While the aviation industry has implemented strict security screening regulations, cruise ship security screening remains relatively soft in comparison. According to IHS Research, this is expected to change as the United States Coast Guard looks to increase screening requirements for passengers and their baggage in 2015.
The US Coast Guard recently announced plans to standardise passenger security screening procedures at cruise ship terminals throughout the United States with the creation of the Terminal Screening Program (TSP). Based on US Coast Guard figures, there are currently 137 regulated cruise ship terminals, operated by 23 cruise line companies in the United States. IHS found that the proposed regulations are not mandatory, resulting in projected slow uptake of new explosives, weapons and contraband (EWC) detection equipment in the cruise ship industry, over the short-term.
In IHS’ recently published report on the explosives, weapons and contraband detection equipment market the seaports market is forecast to grow by a CAGR of 6.7% to $241.6 million in 2018. Currently many cruise ship terminals use a combination of x-ray, people screening, explosives detection systems (EDS), canine teams, and manual inspections. Larger cruise ship terminals are expected to prefer the efficiency and greater throughput that newer x-ray and EDS equipment offers, while smaller cruise ship terminals will be slower to adopt new EWC equipment, preferring instead to use a combination of canine teams, manual inspections, and existing EWC detection equipment.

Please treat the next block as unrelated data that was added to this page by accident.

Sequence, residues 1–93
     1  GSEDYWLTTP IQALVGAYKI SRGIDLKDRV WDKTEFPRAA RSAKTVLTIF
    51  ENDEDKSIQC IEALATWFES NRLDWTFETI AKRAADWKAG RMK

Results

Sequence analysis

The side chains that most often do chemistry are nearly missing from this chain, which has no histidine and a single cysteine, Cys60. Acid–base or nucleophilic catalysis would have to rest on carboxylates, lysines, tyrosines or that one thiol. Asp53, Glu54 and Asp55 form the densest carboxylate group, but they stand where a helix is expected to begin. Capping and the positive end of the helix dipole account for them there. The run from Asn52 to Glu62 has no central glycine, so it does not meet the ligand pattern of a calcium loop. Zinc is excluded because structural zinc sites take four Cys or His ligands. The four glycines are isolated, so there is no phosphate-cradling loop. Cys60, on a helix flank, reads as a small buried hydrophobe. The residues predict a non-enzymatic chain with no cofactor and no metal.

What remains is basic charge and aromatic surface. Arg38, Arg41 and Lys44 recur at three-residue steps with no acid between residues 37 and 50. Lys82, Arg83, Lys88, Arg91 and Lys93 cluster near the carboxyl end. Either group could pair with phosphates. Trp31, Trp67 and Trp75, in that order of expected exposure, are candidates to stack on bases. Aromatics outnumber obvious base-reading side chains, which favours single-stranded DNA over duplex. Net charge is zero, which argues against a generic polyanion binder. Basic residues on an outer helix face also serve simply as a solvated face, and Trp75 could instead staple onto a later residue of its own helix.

The TSP is expected to increase security at cruise ship terminals by developing a standardised list of prohibited items, including developing training standards to consolidate requirements for screeners and eliminate redundancies in cruise ship security regulations and requiring the screening of all passenger, crew, and visitors’ baggage and personal items.
IHS found that the TSP does not require cruise ship terminals to purchase EWC detection equipment; however, those that do will be required to purchase equipment with similar detection capabilities to those installed at airports. EWC detection equipment for use in airports typically carries a higher purchase price due to the increased capability of this equipment resulting from strict detection standards. IHS expects the long-term impact of the TSP to be positive, as cruise ship terminals in the United States replace older equipment with newer, more advanced EWC detection equipment. However, IHS does not expect the TSP to generate a spike in growth over the short-term. Instead, normal replacement cycles are expected for most of the cruise ship industry over the next 12 – 24 months.